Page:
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In Search of Sane Assessment

In Search of Sane Assessment

by Dr. Darren McClellan on March 17, 2021

(Elijah) asked that he might die: “It is enough; now, O Lord, take away my life, for I am no better than my ancestors”…Suddenly an angel touched him and said “get up and eat…otherwise the journey will be too much for you.”


                                                --1 Kings 19:4-5, 7


For by the grace given to me I say to everyone among you not to think of yourself more highly than you ought to think, but to think with sober judgment, each according to the measure of faith that God has assigned.

                                                --Romans 12:3


Dear Friends,

Having now entered into the second half of the Lenten trek, it is not uncommon to find our spirits to be a bit haggard from the journey.  Do you recall the commitment you made to God and to yourself back on Ash Wednesday?  Admittedly, the wilderness is a place filled with distractions (and selective memory). 

Personally, even when I do manage to stay attuned to my spiritual disciplines, I still find that I am pulled in multiple directions.  Would you agree?  Some days we are sitting with Elijah in the cave at Mt. Horeb, consumed with fear and the misperception of our own incompetence.  Other days we would be better off to take a long look into the mirror that Paul holds before us in the Word, and to humbly receive that reflection for what it is.   

Making a ‘sane assessment’ of ourselves is difficult work; experience tells us that none of us can do it very well on our own.  We all need to reach out for the input of others at some point in time.  “Do not be wise in your own eyes” says the Proverb (3:7).  When we engage the community, however, there is the potential for both encouragement and accountability.  This is the Church at its faithful best.  With our acceptance letter already in hand, we come to celebrate the idea that holiness requires the whole.    

At a time of intense isolation and personal vulnerability, Dietrich Bonhoeffer reached out to his loved ones with what has since become a well-treasured collection of correspondence.  I was struck this week by the following poem of his, which he sent to his parents.  Despite the tremendous injustice of his reality, this mature, brilliant theologian never completely resolved his own self-doubt.  Likewise, he never stopped trying to be ‘good enough’ in the sight of others—even from his prison cell.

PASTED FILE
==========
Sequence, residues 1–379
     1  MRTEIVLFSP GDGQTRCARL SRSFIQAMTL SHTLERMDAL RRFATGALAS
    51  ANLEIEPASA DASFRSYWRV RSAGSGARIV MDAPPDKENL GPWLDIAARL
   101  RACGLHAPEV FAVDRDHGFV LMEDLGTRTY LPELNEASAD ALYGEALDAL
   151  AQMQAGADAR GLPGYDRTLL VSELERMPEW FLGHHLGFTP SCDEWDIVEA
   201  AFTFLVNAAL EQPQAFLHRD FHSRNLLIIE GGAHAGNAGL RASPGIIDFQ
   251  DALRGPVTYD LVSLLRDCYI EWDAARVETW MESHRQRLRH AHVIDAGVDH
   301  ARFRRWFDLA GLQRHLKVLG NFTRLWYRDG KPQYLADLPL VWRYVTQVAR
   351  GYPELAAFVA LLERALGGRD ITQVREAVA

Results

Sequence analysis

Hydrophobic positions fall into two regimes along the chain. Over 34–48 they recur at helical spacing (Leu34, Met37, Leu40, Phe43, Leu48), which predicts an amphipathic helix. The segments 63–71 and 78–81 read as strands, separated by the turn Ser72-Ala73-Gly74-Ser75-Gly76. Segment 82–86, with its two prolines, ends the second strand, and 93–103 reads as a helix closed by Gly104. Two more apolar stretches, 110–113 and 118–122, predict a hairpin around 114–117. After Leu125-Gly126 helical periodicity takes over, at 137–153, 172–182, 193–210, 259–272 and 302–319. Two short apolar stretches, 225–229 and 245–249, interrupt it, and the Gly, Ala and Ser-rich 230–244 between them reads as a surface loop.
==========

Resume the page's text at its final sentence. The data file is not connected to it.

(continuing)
Who am I?  They often tell me

I step out from my cell

calm and cheerful and poised,

like a squire from his manor.


Who am I? They often tell me

I speak with my guards

freely, friendly and clear,

as though I were the one in charge.


Who am I? They also tell me

I bear days of calamity

serenely, smiling and proud,

like one accustomed to victory.


Am I really what others say of me?

Or am I only what I know of myself?

Restless, yearning, sick, like a caged bird,

struggling for life breath, as if I were being strangled,

starving for colors, for flowers, for birdsong,

thirsting for kind words, human closeness,

shaking with rage at power lust and pettiest insult,

tossed about, waiting for great things to happen,

helplessly for friends so far away,

too tired and empty to pray, to think, to work,

weary and ready to take my leave of it all?


Who am I?  This one or the other?

Am I this one today and tomorrow another?

Am I both at once?  Before others a hypocrite

and in my own eyes a pitiful, whimpering weakling?

Or is what remains in me like a defeated army,

Fleeing in disarray from victory already won?


Who am I?  They mock me, these lonely questions of mine.

Whoever I am, thou knowest me; I God, I am thine.


(translation from Dietrich Bonhoeffer Works, Vol. 8: Letters and Papers From Prison)


As human beings, we spend much of our lives trying to solidify the inner bounds of an authentic self.  No doubt this can be exhausting work.  Thus, I am grateful for Bonhoeffer’s confession here, for I believe that there is still a gap between perception and reality that only Grace can fill.  

In these days of preparation for Easter, I pray that you and I would find rest in this blessed conclusion—that we too belong to God—no matter what the other voices may be saying (either from within or without).  

God of grace, might the assurance of your love become for us the very peace that passes our understanding.  AMEN.



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